There's nothing he likes more than grappling with a real-world challenge
2001 – attends Brown
Undergraduate diploma in hand, Waisberg sets his sights on becoming a professor; in keeping with his habit of never shying away from a new experience — and already impressed with an exchange he had undertaken at The College of William and Mary — he applies for and is accepted at Brown.
“If you can go to a good American school, it’s pretty incredible. There were only six people in my program in my year and 35 professors in the department.”
2005 – learns management
Waisberg’s plans take a turn when he opts to pursue a JD at New York University rather than enter the thankless world of academia.
Among his extensive extra curricula load is the position of managing editor on the legal journal — an experience he credits with conferring valuable management experience.
“Seventy people were on staff and I was the one running it; a lot of interesting problems arose on the crew of volunteers. I had to work on employee engagement and motivation.”
2006 – becomes an associate.
Waisberg joined the law firm he had worked at as a summer associate and credits it with affecting his world view.
“It gave me a strong sense of what was most important.
“I saw how the more successful lawyers related to the clients and their legal problems; they understood the clients and the problems the client needed solved, rather than the problem the lawyer was trying to solve.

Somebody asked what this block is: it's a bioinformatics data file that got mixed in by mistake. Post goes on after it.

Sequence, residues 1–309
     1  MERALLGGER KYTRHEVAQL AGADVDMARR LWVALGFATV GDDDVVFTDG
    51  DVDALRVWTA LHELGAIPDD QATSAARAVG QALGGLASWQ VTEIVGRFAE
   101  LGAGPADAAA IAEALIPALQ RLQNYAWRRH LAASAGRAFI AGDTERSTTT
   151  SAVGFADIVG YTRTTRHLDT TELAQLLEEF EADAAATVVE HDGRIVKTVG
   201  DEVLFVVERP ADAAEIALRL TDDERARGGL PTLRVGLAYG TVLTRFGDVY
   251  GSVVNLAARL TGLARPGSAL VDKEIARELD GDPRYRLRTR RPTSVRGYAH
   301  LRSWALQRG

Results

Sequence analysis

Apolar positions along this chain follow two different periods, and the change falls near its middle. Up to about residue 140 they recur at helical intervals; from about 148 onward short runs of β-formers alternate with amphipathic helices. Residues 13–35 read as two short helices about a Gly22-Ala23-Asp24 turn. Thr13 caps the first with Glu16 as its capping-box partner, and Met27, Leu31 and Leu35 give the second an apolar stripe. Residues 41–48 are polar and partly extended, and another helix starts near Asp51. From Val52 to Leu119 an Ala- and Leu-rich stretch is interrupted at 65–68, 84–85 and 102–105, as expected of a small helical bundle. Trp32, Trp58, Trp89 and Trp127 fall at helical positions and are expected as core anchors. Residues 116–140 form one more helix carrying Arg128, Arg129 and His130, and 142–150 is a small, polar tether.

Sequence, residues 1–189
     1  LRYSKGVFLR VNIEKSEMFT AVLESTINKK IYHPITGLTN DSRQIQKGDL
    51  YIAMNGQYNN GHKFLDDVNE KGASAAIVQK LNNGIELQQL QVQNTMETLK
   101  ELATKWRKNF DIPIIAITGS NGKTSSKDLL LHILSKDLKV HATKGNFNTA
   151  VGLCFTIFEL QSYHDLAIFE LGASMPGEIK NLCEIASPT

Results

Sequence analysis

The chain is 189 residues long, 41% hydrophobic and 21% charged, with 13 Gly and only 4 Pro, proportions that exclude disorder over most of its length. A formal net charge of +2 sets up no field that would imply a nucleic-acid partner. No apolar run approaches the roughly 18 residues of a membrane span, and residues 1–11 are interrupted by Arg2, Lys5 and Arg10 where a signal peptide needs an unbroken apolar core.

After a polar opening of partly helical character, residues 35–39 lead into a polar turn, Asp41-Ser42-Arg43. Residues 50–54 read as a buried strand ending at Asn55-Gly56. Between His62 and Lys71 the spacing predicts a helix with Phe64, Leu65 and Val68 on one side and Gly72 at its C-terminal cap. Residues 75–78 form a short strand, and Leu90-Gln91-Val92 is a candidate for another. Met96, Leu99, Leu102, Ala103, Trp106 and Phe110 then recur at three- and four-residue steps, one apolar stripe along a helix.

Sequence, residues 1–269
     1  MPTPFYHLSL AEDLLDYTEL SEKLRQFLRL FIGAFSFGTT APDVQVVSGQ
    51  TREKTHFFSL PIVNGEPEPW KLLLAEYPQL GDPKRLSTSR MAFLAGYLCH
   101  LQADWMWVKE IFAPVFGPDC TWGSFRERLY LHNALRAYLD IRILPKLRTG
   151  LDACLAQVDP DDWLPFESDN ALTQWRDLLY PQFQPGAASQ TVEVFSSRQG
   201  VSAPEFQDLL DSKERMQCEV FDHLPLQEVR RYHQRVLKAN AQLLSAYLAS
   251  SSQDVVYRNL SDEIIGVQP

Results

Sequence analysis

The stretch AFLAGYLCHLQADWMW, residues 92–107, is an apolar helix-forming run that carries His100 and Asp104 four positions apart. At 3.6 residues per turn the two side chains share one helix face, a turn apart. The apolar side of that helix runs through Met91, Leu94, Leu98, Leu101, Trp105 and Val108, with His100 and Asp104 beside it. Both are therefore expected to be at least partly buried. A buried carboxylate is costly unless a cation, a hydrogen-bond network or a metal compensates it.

“It’s important to be driven by empathy for the client.”
2007 – notices a pattern
Now an associate at Weil Gotshal & Manges LLP, Waisberg has a realization.
“Tonnes of work was done by junior corporate lawyers that was hugely expensive, not done well, which the lawyers hated doing and the client hated paying for. Hundreds of hours were spent doing something that should have taken 20.
“In the summer of 2008, I got together with a techie friend and started working on building out a piece of software we could build a business around.”
2010 – gets an idea
Waisberg quit his job and took some time to consider his next move.
“I had the thought there was an opportunity out there and I needed time to make it happen. It felt like the right time in my life to take some time; I sat and thought through the summer and in late 2010 remembered an idea that I had worked on [in 2007] and then started thinking about contracts and realized that it could be a great business.”
2011 – founds Kira
The founding of Kira Systems contract analysis software in 2011 with a team of two was Waisberg’s first step as CEO.
“We started getting traction in the summer of 2013 when people starting using our software and asking if they could use it again. In 2014, we got a big contract with Deloitte and then, in 2016, we signed a up a lot of firms in the U.K.”
2018 – tops 120 employees
Several years of consistent growth for Kira culminate in the company’s staff exceeding 120 people in the summer of 2018, well up on the two that founded it.
“Up until that point, we had never taken outside funding; that summer, we took a large investment from a venture capital firm: a US$50-million minority round from Insight Venture Partners.”